Someone in the U.S. government finally has noticed the plight of Iraqi Christians. A congressional appropriations subcommittee has voted to spend $10 million to aid displaced religious minorities within Iraq. That mostly means Christians.
Although Islam long has been in the ascendancy in Iraq, the so-called Assyrians, who speak a neo-Aramaic language, represent a distinct religious minority, generally grouped in the Chaldean, Apostolic Catholic, and Syriac Orthodox churches. The Assyrians predate the rise of Islam, representing a 7,000 year-old civilization. They have survived numerous episodes of war and catastrophe. Today, however, the Iraqi Christian community faces possible extermination.
If there is good news, it is that most Iraqi Christians are being driven from their homes rather than being massacred. But if they do not flee, they increasingly risk slaughter. The irony is extraordinary: Christian America has inadvertently loosed the vicious forces bent on destroying Iraqi Christians. Persecuted by Islamic extremists and targeted for their frequent cooperation with occupation authorities, Christians have ever less hope in a nation that has fallen into violent chaos.
The Assyrian International News Agency has released a new report (pdf) entitled “Incipient Genocide: The Ethnic Cleansing of the Assyrians of Iraq,” written by Peter BetBasoo. It makes for dreadful reading. Washington’s ability to influence events in Iraq is rapidly waning, but so long as the U.S. is present it should attempt to protect people who have been the best friends and strongest advocates of America in Iraq.
Since the American invasion, several hundred Assyrians have been murdered. Even more have been kidnapped. Dozens of churches have been bombed or otherwise attacked. Hundreds of Christian businesses have been torched because of the faith of their owners, wrecked for being non-Islamic (such as liquor stores) or ruined by criminal attacks and kidnappings. Christian women are being threatened and attacked for failing to follow Islamic law.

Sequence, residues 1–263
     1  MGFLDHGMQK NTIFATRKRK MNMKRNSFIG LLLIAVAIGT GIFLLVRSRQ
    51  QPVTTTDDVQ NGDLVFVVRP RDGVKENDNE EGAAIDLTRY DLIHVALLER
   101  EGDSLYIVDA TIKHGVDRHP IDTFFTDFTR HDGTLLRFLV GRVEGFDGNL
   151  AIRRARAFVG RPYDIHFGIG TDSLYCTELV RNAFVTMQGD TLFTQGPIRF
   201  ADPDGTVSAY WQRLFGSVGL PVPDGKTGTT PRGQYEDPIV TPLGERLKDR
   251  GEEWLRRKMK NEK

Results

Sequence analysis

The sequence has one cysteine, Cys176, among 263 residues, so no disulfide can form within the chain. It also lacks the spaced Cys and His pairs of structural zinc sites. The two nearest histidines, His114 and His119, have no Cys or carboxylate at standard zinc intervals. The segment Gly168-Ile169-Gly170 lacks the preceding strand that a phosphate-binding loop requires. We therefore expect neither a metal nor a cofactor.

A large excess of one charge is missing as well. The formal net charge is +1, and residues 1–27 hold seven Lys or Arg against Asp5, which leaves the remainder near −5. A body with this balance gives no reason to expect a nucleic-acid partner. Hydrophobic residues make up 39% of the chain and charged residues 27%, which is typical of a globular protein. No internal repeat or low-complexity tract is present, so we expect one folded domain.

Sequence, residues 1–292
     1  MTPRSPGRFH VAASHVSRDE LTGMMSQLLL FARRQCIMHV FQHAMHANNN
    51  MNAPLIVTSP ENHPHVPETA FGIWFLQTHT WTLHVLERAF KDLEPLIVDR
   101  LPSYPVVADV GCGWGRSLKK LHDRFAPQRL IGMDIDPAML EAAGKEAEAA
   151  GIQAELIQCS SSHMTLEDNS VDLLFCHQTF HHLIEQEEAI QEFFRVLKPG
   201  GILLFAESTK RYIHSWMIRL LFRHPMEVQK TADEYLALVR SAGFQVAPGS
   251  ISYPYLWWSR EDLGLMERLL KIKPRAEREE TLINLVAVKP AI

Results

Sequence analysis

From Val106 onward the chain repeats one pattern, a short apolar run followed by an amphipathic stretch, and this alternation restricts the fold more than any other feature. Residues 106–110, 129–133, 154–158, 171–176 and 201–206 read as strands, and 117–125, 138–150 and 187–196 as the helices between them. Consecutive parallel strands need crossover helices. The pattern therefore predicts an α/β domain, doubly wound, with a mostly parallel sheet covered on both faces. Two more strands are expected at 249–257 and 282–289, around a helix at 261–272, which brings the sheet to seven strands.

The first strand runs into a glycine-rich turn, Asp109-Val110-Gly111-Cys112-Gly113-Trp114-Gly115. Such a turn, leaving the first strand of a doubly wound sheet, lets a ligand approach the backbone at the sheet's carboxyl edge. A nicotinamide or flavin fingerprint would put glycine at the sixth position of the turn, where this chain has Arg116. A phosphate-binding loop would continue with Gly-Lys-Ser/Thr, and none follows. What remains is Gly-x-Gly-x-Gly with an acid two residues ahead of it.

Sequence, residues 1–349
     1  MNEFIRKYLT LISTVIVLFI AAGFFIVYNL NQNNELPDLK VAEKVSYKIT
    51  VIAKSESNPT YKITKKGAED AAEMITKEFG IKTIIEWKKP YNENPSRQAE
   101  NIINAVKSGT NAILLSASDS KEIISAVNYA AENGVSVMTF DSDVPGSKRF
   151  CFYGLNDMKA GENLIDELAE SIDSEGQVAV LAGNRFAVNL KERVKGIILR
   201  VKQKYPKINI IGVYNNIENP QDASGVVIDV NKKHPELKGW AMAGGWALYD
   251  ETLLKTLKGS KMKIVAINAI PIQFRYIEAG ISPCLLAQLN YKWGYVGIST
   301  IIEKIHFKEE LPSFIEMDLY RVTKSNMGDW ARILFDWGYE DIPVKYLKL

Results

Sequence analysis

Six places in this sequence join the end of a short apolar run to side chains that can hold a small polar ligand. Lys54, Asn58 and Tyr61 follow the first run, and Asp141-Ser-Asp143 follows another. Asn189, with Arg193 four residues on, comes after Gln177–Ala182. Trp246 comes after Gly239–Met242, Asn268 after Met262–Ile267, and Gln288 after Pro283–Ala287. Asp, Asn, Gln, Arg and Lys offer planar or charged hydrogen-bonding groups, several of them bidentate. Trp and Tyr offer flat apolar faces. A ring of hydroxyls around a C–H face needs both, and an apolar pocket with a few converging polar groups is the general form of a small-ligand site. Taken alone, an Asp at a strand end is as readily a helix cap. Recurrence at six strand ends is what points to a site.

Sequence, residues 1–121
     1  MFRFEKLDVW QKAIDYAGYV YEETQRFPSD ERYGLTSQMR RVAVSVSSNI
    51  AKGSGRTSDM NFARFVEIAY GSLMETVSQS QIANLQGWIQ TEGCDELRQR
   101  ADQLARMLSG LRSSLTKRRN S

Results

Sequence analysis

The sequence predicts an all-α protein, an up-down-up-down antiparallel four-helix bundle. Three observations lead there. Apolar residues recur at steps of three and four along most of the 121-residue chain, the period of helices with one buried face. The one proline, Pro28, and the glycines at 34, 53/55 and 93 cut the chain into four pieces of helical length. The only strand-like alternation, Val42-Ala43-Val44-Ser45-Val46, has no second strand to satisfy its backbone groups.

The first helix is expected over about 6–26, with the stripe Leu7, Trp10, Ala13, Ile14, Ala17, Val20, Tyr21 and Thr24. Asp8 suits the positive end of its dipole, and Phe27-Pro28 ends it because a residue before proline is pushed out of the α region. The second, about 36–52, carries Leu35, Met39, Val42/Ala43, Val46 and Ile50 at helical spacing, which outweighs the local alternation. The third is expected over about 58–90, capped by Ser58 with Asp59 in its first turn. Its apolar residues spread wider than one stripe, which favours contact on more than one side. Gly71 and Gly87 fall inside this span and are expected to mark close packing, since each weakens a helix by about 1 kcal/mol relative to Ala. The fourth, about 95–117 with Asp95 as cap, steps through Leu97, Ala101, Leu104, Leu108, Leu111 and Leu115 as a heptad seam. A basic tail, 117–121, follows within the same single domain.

As sectarian violence has risen and the insurgency has surged, Christians have been targeted for retaliation. They long were despised by jihadists for their faith. Then many Christians, who disproportionately spoke English, signed up to serve the U.S. military and occupation authorities. For them, the U.S. connection is a potential death sentence.
Yet Washington has done essentially nothing. In hopes of demonstrating impartiality, Washington has refused to help Christians, even when they have been literally placed under siege in their homes and neighborhoods. Their abandonment by Washington has had tragic consequences.
IRAQI CHRISTIANS HAVE RESPONDED in the only way possible: running away. Roughly half of the pre-war Christian community is thought to have fled Iraq. Reports BetBasoo: “Assyrians comprised 8% (1.5 million) of the Iraqi population in April of 2003. Since then 50% have fled the country. Of the 750,000 Iraqi refugees in Jordan up to 150,000 are Assyrians. Of the 1.2 million Iraqi refugees in Syria, 70,000 to 500,000 are Assyrians.”
That Iraqi Christians have fared poorly in the midst of Muslim radicalism, whether Shia or Sunni, comes as no surprise. Christians possess no military forces, no militias organized for their defense. Nor are their enclaves large enough to offer protection.
Less expected was Kurdistan’s mistreatment of the Assyrians. Indeed, writes BetBasoo, the “systematic campaign of persecution … began in the Kurdish regions of north Iraq shortly after the first Gulf war and spread to Baghdad and Basra after the liberation of Iraq in April of 2003. In the last three months it has intensified and is now openly declared in some areas of Iraq.”
Unfortunately, there is little hope that the violence will abate. To the contrary, members of the Assyrian community are now worried about genocide, essentially the complete destruction of Assyrian Christians. Contends BetBasoo: “Being unarmed, oppressed and disadvantaged by centuries of prejudice and dhimmi [official minority] status, the Assyrians have become the targets of persecution country-wide, from Kurds, Shiites and Sunnis.” He adds: “since Assyrians are not capable of defending themselves and are targeted as a class because of their distinct identity, what is now unfolding in Iraq can be termed an incipient genocide.”
Using the term is inherently controversial, but Christianity is disappearing from Iraq. A distinct ethnic, language, and religious community is being driven out.
Although the violence appears to be more anarchic than concerted, it has had the same effect as an organized campaign to destroy Iraq’s Assyrians. Virtually every member of the community is under siege.
For instance, the first Christian church was bombed in June 2004. Since then another 32 Christian churches have been attacked. Numerous ministers and deacons have been kidnapped and murdered.
Christian women are particularly vulnerable. BetBasoo writes: “Often incidents do not end with the prisoner’s release. In one case in Baghdad, the victim committed suicide after the ransom was paid and she went home, because of the torture and sexual violence she suffered. In another case, a young woman talked to her family by phone and told them: ‘I’m dead,’ referring to being gang-raped. She eventually committed suicide whilst still in the hands of her tormentors.”
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